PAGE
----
Gregory Erhardt, associate professor at the University of Kentucky, investigated the impact of ride-sharing on San Francisco´s traffic pattern during the last few years. The results showed that between 2010 – 2016 traffic congestion increased by about 60 per cent, and that ride-hailing through Uber and Lyft was responsible for more than half of that increase. The study also showed that ride-hailing apps generated as much new traffic as job and population growth combined. Uber and Lyft, however, do not agree about the cause of congestion. Instead, they claim that the study overlooks notable contributors to congestion, including increased freight and commercial deliveries, and tourism growth.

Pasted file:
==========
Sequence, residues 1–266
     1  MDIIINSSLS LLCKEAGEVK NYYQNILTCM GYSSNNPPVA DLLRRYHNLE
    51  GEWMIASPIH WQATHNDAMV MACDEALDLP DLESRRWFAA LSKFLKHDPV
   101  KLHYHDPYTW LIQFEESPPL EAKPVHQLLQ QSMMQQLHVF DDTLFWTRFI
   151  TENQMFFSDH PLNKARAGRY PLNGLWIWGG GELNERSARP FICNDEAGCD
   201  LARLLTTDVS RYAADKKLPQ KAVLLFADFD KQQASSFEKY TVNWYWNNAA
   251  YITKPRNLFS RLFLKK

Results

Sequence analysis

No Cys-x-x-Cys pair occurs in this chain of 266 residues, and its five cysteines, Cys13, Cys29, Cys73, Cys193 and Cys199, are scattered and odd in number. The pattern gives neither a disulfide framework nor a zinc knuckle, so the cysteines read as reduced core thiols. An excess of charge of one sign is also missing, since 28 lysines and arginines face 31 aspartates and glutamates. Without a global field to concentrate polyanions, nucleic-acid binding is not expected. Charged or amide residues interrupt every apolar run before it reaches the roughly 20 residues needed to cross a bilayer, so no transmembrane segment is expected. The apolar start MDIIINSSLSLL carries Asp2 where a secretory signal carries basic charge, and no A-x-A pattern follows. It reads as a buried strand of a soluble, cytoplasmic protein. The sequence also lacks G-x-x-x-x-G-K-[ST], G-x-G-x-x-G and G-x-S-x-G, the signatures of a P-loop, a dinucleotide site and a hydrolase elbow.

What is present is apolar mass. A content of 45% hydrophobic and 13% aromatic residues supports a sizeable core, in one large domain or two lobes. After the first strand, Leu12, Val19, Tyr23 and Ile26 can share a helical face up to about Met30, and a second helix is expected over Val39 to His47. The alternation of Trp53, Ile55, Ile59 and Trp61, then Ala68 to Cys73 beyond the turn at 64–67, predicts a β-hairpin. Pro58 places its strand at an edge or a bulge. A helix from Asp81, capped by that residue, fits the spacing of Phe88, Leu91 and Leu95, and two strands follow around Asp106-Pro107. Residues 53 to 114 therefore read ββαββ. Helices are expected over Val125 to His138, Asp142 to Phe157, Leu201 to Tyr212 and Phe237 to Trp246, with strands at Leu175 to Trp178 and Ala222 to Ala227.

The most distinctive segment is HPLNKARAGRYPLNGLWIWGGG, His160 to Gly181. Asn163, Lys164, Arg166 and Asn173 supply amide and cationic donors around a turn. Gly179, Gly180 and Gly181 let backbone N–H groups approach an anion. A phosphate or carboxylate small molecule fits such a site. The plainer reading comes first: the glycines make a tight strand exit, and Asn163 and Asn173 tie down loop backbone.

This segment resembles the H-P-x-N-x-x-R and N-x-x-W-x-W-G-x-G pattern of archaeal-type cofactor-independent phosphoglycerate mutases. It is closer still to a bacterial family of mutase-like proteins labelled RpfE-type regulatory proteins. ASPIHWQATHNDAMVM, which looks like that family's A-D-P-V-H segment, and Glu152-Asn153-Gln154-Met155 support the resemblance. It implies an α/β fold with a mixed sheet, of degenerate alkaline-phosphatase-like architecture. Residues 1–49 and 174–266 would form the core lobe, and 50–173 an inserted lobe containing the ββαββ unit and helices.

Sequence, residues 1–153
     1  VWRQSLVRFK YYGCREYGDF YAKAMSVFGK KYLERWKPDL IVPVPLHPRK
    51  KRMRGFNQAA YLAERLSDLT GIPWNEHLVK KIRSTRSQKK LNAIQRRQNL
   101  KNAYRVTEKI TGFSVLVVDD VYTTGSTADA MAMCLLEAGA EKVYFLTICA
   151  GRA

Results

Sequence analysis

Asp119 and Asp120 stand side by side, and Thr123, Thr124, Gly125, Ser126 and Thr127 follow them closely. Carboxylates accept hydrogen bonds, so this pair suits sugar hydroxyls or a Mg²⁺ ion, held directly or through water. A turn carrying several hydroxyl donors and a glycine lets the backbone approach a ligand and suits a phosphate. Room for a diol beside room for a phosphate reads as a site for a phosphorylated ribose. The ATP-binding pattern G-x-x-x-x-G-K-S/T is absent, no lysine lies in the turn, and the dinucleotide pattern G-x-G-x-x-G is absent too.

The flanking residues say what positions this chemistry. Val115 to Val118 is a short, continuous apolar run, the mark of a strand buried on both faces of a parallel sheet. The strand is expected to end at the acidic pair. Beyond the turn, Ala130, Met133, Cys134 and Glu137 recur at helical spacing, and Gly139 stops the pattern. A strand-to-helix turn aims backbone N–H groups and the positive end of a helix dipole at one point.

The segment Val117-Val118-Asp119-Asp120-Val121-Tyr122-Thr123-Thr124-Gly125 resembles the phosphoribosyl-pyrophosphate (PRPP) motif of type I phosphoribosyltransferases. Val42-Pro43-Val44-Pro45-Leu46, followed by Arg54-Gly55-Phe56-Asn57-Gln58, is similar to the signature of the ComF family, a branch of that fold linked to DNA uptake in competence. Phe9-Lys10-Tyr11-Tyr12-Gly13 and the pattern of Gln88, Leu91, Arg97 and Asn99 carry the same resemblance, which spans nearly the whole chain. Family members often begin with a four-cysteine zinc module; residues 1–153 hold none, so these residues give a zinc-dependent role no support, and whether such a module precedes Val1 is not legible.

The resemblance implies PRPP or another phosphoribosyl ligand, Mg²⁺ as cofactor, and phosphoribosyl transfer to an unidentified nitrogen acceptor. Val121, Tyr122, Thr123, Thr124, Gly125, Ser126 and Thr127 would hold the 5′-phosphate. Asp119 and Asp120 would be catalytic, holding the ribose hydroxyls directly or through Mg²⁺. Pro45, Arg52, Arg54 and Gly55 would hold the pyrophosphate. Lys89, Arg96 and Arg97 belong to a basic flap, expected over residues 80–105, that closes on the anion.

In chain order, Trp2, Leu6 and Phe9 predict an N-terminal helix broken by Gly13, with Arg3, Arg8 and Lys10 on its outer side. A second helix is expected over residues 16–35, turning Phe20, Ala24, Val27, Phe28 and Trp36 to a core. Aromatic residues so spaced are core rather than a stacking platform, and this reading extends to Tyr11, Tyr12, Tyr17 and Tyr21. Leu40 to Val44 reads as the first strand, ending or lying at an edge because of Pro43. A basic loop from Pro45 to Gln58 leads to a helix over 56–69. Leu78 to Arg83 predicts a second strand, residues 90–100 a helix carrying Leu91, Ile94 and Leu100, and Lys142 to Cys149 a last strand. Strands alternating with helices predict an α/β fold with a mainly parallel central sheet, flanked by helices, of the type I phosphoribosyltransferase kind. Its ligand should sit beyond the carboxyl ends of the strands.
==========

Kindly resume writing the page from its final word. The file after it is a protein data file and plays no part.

From Erhardt’s study, it seems that the ride-hailing business in San Francisco hasn’t gotten the citizens to use fewer cars. Instead of substituting trips taken by one person in their own car, a promise widely echoed by ride-hailing firms given their introduction to the mobility market, it seems that they have instead substituted trips with public transit, walking, or bike travel. Both Lyft and Uber have been touting improvements in regard to their alleged negative impact on the traffic system, for example by including public transit and micromobility options in their app alongside calls for investments in alternative mobility options. However, they have at the same time been extremely reluctant to share any of their vast troves of traffic data to researchers wanting to document the actual case of their impact.
Written by Kristina Andersson, RISE Viktoria.